Lesson:

Begin Lesson:

Transition from last week

Last week we talked about (name of last week’s unit). Each of us selected one idea to try out. Let’s talk about how those worked (or didn’t work) for us, and also what we learned from last week’s meeting.

Anticipatory Set:

Today we will explore hydration. This involves maintaining vital water levels in the body. There are three reasons that we think this topic is important:

  1. As we age we become more vulnerable to lower water intake that can lead to dehydration.
  2. Dehydration is one of the most frequent causes of hospitalization among people over 65.
  3. About one-half of those hospitalized for dehydration die within a year.

Share the Objective:

  1. We will be discussing the following types of information:
    1. Importance of maintaining an adequate fluid balance in the body.
    2. Symptoms of dehydration.
    3. Reasons older adults are more vulnerable to dehydration.
    4. Techniques for maintaining an adequate balance of body fluid.
    5. The relationship of incontinence to dehydration.
  2. During this lesson, I will be providing information, but it is also important that we share information and ask questions in group discussion. I would appreciate it if each of you could bring up at least one example from your life experience.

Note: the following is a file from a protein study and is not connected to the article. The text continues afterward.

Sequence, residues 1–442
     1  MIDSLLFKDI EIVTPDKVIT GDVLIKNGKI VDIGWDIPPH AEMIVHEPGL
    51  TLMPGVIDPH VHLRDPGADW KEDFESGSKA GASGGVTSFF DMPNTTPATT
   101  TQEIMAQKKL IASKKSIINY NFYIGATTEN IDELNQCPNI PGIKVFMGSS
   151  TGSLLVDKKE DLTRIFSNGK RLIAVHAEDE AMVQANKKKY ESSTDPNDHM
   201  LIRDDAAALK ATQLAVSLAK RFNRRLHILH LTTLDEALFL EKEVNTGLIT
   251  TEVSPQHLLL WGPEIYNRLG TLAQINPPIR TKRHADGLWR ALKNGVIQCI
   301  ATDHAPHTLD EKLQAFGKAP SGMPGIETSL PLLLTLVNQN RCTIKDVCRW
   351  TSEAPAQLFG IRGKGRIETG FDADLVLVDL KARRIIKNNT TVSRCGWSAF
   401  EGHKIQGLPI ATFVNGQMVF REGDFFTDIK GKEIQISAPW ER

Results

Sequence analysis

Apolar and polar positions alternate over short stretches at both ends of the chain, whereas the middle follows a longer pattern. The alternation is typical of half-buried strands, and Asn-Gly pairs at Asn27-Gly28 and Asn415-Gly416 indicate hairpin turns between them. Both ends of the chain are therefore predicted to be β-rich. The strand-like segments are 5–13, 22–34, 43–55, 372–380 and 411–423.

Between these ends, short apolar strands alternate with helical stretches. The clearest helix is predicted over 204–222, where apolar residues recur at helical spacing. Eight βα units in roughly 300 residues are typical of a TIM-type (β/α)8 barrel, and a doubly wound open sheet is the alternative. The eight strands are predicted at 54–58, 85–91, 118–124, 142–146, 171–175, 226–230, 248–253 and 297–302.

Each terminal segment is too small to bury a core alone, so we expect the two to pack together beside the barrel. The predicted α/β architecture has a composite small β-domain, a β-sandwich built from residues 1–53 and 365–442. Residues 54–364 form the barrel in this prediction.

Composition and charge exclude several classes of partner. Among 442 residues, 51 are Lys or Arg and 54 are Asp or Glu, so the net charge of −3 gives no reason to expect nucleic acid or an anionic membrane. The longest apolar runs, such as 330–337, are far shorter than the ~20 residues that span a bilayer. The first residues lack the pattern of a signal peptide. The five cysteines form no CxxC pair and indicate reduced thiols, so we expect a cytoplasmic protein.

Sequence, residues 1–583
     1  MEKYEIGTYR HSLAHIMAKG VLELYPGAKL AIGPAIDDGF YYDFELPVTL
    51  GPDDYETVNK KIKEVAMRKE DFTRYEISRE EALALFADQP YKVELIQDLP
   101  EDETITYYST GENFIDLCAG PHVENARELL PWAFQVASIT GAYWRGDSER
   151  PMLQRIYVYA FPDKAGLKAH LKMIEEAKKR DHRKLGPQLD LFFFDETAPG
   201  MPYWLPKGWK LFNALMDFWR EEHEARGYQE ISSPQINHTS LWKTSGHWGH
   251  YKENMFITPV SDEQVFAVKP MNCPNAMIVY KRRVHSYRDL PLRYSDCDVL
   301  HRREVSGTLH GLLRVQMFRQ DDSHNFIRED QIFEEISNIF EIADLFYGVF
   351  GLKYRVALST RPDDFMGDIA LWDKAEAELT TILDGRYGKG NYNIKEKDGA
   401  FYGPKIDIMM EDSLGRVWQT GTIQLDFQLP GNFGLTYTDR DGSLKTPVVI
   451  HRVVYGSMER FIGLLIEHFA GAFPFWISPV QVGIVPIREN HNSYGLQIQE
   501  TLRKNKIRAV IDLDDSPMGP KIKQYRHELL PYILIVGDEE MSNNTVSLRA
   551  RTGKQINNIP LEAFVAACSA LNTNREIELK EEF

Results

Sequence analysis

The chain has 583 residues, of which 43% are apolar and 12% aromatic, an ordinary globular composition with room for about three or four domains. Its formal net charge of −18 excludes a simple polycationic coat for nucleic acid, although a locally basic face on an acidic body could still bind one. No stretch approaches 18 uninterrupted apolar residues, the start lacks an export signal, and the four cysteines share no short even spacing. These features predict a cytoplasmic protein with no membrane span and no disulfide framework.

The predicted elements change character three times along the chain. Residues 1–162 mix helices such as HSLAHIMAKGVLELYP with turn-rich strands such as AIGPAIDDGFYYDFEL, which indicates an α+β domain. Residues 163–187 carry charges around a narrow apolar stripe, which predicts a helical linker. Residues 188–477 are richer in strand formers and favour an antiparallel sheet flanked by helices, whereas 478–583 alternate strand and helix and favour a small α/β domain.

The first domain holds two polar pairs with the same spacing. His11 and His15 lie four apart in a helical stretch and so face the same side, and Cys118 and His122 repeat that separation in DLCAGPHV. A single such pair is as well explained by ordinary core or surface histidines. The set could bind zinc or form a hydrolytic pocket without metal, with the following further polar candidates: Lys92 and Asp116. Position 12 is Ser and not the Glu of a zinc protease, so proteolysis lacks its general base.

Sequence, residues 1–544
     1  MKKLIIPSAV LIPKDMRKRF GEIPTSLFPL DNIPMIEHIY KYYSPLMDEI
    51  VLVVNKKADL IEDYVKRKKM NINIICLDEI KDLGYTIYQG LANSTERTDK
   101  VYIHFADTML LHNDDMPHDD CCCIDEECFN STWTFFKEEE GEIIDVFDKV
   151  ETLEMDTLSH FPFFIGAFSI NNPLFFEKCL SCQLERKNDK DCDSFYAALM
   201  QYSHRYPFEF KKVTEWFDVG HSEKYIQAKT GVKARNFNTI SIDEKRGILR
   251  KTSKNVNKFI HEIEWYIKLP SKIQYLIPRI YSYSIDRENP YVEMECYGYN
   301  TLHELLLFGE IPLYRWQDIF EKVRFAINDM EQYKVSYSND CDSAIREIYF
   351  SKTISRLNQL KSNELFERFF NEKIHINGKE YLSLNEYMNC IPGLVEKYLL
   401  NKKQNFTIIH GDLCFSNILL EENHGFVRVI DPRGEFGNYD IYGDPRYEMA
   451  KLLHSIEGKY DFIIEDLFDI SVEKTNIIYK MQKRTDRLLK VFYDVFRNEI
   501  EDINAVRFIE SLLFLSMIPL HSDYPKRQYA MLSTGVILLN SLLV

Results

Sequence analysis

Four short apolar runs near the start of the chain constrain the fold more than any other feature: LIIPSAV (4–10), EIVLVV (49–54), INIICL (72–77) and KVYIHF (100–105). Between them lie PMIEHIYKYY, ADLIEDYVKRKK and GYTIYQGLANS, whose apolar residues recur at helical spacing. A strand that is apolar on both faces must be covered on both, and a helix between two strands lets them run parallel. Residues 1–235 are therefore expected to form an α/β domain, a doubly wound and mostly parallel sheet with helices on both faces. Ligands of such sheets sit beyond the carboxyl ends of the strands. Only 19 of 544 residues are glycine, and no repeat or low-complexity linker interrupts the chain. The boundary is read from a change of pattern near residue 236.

3. Also during the lesson today, I’m going to ask each of you to select one idea from the lesson to try out on your own over the next week. I’ll pick one, too. Then each of us can share with the group next week how it worked out.

Share the Handouts:

These summarize the main ideas we will be discussing today. [Pass out fact sheet and drink recipe handout.] Please feel free to take notes and ask questions as they arise.

Input:

I. Water is the largest single substance in the human body (from 50% to 75%) and we can't live without it. Every body cell, tissue and organ, and nearly every life-sustaining body process, requires water.

II. Importance of maintaining an adequate fluid balance in the body:

  1. Water helps to control body temperature.
    1. Perspiration keeps us cool in hot weather; protects body against heat exhaustion.
    2. Water helps the body to insulate itself against cold weather.
  2. Water carries nutrients as well as medicines to body cells and carries away waste.
  3. Water keeps mouth, nose, eyes and skin moist.
  4. Water ensures proper volume of blood.
  5. Water keeps the urinary tract flushed out. This is important in reducing the risk of urinary tract infections. Urinary tract infections can be quite serious—even fatal—in an aging person.

III. Symptoms of dehydration – what happens when you don’t drink enough water:

  1. The first sign of dehydration is usually thirst. Thirst generally occurs when there is a 1 to 2% loss of body water. Many older people, however, have a diminished sense of thirst, and do not necessarily know they are becoming dehydrated.
  2. One easy to check sign of dehydration is the color of your urine. It should be clear or pale yellow. Darker urine indicates you are not meeting your fluid needs. Some vitamin supplements at high levels will also give urine a dark color.
  3. When loss of body water ranges from 2 to 5%, symptoms can include dry mouth, flushed skin, headache, fatigue and impaired physical performance.
  4. When loss of body water is at 6%, symptoms noted are increased body temperature, increased pulse rate and increased breathing.
  5. At 8% loss of body water, dizziness, increased weakness and labored breathing when exercise may be experienced.